I'm quite skilled in ester syntheses and their work-ups so I know well how the first NaHCO3 washing produces a lot of CO2, the second washing only a little of CO2 and the third washing almost no CO2 (most of procedures from universities contain only 2 washings with NaHCO3), I use also an universal indicator paper to check to be sure that no acid left after washings as they have ugly smell even at low concentration... But here in allyl valerate I realized too late that it had been decomposed. No traces of valeric acid in the ester. After acidifying the washings the formerly NaHCO3 did not further evolve any CO2 so all NaHCO3 consumed during washing of the allyl valerate which was terrible observation. The first clue which I omitted but realized later was that the first washings with H2O wash out most of anorganic acid if not all of it. I collected them in empty waste bottle. Then I put into the bottle the first NaHCO3 washing which always produce CO2 bubbles so I always add it into the waste bottle very slowly but here no bubbling. All washings were very thorough, a lot of minutes of vigorous shaking. Luckily I stopped the NaHCO3 washing after the fourth one - when the last NaHCO3 washing after acidifying the bottom layer did not produce CO2 at all. So some of the ester survived. The ester perhaps hydrolyses in nasal mucosa too because smelling it in very low concentration (smelling bottle stopper) is pleasant for long time but smelling high concentration (directly from bottle) also pleasant but only for few seconds, then always irritation of airways very likely due allyl alcohol or perhaps the itself allyl group of the ester could irritate airways also? - I think too high concentration of the ester hydrolyses in nasal mucosa to allyl alcohol which is strong lachrymator. Valeric acid from the ester is converted to Na salt on supposed hydrolysis in nasal mucosa as most of body fluids contain NaHCO3, most of fluids have pH 7,20. Low concentration of HCO3- could perhaps induce the ester hydrolysis too (but in my synthesis I used concentrated solution).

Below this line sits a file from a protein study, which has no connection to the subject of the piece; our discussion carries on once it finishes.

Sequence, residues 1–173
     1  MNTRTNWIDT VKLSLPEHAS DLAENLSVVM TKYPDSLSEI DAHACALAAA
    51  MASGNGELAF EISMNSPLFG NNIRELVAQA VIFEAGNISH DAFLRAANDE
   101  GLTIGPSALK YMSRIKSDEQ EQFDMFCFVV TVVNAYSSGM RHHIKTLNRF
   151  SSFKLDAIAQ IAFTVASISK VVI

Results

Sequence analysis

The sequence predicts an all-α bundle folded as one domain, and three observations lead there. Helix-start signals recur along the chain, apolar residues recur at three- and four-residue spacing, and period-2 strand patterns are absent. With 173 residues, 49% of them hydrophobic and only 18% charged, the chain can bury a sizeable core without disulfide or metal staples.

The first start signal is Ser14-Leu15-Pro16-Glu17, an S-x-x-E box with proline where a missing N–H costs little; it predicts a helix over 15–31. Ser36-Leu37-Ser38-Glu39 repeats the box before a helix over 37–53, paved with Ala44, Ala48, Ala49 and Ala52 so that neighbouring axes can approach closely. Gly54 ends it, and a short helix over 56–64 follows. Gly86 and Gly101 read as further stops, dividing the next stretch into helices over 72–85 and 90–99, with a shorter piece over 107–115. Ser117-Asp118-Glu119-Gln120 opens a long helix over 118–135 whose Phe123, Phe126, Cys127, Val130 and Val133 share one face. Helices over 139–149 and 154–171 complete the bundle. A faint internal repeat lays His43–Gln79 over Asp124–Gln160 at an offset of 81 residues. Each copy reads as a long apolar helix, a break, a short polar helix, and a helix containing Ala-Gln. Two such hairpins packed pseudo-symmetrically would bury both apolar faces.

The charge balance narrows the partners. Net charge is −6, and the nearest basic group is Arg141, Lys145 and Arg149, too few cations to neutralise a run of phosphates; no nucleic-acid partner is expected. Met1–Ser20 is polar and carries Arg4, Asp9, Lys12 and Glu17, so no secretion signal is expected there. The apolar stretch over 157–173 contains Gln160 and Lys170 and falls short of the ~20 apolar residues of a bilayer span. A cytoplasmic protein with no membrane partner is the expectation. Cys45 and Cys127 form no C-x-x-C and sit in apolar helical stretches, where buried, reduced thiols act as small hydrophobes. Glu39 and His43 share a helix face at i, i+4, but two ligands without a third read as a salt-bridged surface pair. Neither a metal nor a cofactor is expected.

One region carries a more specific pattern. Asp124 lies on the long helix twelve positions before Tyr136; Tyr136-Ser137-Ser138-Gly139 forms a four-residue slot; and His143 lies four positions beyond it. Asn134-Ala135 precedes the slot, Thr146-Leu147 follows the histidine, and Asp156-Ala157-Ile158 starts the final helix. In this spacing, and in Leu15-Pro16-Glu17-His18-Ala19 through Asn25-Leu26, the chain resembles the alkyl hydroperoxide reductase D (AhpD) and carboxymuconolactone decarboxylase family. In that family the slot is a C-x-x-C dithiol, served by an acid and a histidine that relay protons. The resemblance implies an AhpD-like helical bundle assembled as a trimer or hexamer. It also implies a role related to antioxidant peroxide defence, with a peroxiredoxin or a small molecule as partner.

Amos - I did not use Na2CO3 but I used gentler NaHCO3. My opinion is that allyl valerate should be washed only with H2O and the synthesis performed in a way that no valeric acid present after the reaction. Thank you very much for your hints - CaCO3 and Na2HPO4 are very clever ideas. Btw the pH of 1M NaHCO3 is approx 8,5.